[jcifs] Creating file with hash ('#') in filename

Michael B. Allen miallen at eskimo.com
Fri Jan 17 20:10:14 EST 2003

On Fri, 17 Jan 2003 00:53:16 -0600
"Christopher R. Hertel" <crh at ubiqx.mn.org> wrote:

> On Fri, Jan 17, 2003 at 12:22:08AM -0500, Allen, Michael B (RSCH) wrote:
> :
> > > This is the Unicode issue.  URLs must handle full Unicode in order to deal 
> > > with this stuff.  It is a problem, but it's not specific to the SMB URL.
> > > 
> > Yes, it does seem to be coming down to Unicode. But it is specific to the SMB URL.
> > RFC 2396 does not appear to address Unicode. You cannot have Unicode HTTP URLs
> > for example. Thus the problem.
> HTTP URLs are just one example.  Still, "You cannot have Unicode HTTP
> URLs"...  That's why it's *not* specific to the SMB URL.  People may post
> all sorts of files on a web server.  If the filename is in cyrillic
> then...well, same problem even if it's accessed via HTTP.  It's a general
> URL issue.  URLs *should* support Unicode... but they don't.

No. You cannot have a cryllic filename on a web server. You can have a
cryllic *link* displayed in the page but the filenames and all parts of
the URL are ASCII. There might be extensions to this. I don't know. But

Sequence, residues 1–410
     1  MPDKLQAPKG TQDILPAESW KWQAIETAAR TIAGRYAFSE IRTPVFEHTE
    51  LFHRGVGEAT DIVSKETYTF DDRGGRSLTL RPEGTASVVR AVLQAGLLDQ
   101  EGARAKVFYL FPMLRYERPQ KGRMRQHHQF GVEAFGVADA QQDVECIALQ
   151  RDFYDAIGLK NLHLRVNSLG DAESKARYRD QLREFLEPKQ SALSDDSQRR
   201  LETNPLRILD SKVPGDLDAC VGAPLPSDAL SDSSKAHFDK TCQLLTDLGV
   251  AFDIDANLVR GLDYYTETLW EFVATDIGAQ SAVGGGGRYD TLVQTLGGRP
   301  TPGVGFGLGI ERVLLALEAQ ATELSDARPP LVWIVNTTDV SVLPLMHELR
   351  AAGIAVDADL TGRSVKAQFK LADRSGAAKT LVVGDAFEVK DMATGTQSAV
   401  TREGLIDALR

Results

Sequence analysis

URLs are 100% good ol' ASCII.

> :
> > > I don't follow your argument there.  What is it you are trying to say?
> > > Sorry, I'm being dense, I guess.
> > > 
> > What the example shows is that the HTTP URL handler shipped with Java does what
> > jCIFS' SMB URL handler does now which is as you put it is syntactically incorrect, not
> > a URL, and incomplete.
> Lost again.  Sorry, that didn't scan.

Java ships with an HTTP URL handler. jCIFS provides an SMB URL
handler. You're arguing that the SMB handler should be compliant. I'm just
pointing out that the HTTP URL handler shipped with Java isn't compliant
either and Eric's example illustrated that. It took the spaces. And it
passed them back unescaped. So someone punted on the escapes just like me.
and probably for transcribability reasons. Don't really know.

> > Notice it's the URI class rather than the URL class that provokes the exception. I don't
> > have Java 1.4 so I don't know what toExternalForm would return but I suspect it would
> > be escaped.
> Which would cover Eric's final point, about handing the URL back to the 
> user with correct syntax.

That's the UR-eye class not the UR-ell. The URI class was introduced
in Java 1.4. We don't use it. I'm not sure what it's for. Maybe Sun
decided everything needed to be escaped and came up with the URI
class. Don't know.

> > I am arguing that transcribability is better without the escapes. In fact
> > if we were to required what the URI (not L) class mandates it would be
> > rather difficult for the average person to construct certain URLs. They
> > would then need application support for performing the escaping.
> Well... yes, it's easier to transcribe something if it doesn't have 
> escapes.  That doesn't solve the problem, though.  Invalid syntax is still